In the ever-evolving digital world, a whopping 98% of smartphone users (approximately 255.8 million people) are projected to dive into the world of apps this year according to Insider Intelligence’s Mobile App Users 2023 report. Yet, there’s an intriguing shift occurring – the average user is downloading fewer apps and sticking to their preferred ones across various categories.
Most new app users aren’t tech-savvy wizards; they’re simply new to smartphones. We’re witnessing around 4 million fresh faces entering the world of smartphone apps annually. But these newcomers aren’t the ones who’ve held out on apps; they’re a result of the growing number of people embracing smartphones.
In a twist, users are bucking the trend of app exploration. Even though the app universe keeps expanding, users are actually downloading and trying out fewer apps with each passing year. In 2023, a typical smartphone user will have 18.5 apps on their device, which is 2.5 fewer than in 2020. This trend can be chalked up to users finding their favorite apps and sticking with them.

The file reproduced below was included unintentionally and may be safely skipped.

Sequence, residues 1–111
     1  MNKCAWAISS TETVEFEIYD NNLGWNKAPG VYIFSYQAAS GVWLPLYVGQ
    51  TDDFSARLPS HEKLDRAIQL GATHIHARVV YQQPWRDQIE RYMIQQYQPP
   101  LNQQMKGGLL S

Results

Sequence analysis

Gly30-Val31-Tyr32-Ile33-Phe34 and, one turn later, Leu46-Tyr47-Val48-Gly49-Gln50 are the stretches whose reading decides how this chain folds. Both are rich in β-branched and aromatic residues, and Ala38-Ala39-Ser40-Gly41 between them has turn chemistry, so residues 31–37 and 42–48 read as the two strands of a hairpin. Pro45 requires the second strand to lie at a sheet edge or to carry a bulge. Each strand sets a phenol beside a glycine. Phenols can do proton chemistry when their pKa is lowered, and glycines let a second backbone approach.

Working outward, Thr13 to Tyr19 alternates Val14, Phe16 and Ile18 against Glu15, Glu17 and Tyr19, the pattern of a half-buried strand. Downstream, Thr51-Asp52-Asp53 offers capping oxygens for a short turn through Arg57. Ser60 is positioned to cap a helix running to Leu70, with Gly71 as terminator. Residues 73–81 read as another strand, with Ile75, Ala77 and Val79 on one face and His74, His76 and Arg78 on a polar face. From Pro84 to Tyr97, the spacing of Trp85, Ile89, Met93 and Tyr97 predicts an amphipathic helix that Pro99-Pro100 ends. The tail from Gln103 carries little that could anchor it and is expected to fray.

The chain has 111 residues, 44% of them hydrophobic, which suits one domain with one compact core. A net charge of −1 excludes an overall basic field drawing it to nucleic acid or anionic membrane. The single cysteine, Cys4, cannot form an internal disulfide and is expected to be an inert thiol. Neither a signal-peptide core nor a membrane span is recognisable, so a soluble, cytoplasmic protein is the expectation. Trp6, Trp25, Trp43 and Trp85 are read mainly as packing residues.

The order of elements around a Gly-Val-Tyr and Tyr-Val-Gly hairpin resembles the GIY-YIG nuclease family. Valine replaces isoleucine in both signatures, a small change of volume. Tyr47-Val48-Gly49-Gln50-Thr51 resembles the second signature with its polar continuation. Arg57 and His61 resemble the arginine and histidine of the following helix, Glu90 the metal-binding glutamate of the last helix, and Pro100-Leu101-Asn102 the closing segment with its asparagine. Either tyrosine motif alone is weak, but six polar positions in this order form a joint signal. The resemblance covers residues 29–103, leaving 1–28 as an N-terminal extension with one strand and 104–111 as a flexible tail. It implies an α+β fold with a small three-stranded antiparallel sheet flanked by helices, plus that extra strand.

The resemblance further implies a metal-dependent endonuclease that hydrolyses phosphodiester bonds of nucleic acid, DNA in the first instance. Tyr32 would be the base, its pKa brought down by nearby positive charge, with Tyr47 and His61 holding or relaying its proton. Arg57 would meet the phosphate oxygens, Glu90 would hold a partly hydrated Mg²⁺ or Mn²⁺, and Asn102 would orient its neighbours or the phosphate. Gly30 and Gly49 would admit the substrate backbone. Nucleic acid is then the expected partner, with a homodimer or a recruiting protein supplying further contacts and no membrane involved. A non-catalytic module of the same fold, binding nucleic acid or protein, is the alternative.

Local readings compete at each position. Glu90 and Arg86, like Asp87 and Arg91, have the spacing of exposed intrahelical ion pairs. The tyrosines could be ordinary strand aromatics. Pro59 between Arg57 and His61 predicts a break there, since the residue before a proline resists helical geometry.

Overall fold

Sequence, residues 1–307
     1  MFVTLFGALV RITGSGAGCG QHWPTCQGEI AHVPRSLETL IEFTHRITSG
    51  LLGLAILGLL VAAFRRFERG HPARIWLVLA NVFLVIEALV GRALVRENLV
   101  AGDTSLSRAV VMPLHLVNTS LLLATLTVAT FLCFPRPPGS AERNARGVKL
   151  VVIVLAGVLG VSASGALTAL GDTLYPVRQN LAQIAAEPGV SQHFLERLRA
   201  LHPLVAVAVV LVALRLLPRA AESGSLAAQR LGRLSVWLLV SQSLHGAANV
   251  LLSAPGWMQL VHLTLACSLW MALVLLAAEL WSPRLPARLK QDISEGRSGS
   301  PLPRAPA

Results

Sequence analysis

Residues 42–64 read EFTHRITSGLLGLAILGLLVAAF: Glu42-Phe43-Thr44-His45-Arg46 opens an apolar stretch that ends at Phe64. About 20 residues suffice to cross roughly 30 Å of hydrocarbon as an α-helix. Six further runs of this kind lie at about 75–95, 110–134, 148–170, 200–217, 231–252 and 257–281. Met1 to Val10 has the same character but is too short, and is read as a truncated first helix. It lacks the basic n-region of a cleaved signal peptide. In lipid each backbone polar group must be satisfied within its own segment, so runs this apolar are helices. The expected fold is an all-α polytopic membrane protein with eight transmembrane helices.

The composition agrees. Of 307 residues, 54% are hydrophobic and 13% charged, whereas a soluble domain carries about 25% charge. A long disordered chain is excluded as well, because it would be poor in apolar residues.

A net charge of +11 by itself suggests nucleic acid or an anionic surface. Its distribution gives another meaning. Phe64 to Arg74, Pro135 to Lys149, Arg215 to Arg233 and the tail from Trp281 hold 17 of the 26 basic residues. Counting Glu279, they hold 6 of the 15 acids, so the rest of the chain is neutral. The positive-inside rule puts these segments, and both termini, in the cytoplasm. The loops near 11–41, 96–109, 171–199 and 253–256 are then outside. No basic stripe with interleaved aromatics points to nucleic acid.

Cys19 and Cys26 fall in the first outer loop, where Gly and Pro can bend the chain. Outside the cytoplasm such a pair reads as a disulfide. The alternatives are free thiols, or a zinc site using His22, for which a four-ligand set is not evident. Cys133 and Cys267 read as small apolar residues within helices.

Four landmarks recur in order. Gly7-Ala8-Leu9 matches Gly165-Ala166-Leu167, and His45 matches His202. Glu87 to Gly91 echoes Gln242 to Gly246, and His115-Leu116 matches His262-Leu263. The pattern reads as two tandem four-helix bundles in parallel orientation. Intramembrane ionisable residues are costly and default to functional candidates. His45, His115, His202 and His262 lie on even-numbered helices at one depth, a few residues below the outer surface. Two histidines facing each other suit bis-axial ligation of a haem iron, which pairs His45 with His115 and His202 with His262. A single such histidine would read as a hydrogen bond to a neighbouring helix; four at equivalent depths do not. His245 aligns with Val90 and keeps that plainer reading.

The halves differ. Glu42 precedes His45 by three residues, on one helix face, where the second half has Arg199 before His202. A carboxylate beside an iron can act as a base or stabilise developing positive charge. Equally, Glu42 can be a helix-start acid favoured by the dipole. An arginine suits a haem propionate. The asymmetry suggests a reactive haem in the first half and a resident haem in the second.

The reason users open fewer apps is that modern apps are doing more. They’re becoming like “super-apps,” a concept popularized by Asian apps such as WeChat, AliPay, and Grab. These apps pack a variety of services into one, making life simpler. X, formerly known as Twitter, is actively working towards its goal of becoming a “super-app” or, as they refer to it, an “everything app.” While this approach works wonders in places with limited infrastructure, in the West, where apps are aplenty, it’s leading to users having fewer apps on their devices.
Interestingly, 15 out of 17 app categories are on track to outgrow the number of new app users. Between 2023 and 2026, the overall number of smartphone app users is expected to grow by about 1.54% each year. Most app categories are set to outpace this rate, meaning that the average smartphone user is gradually exploring more app categories.
As the app landscape transforms, users are leaning into their favorite apps and shying away from exploration. A recent report that indicates revenue soared despite a decline in app downloads in the US App Store serves as a good example of this situation.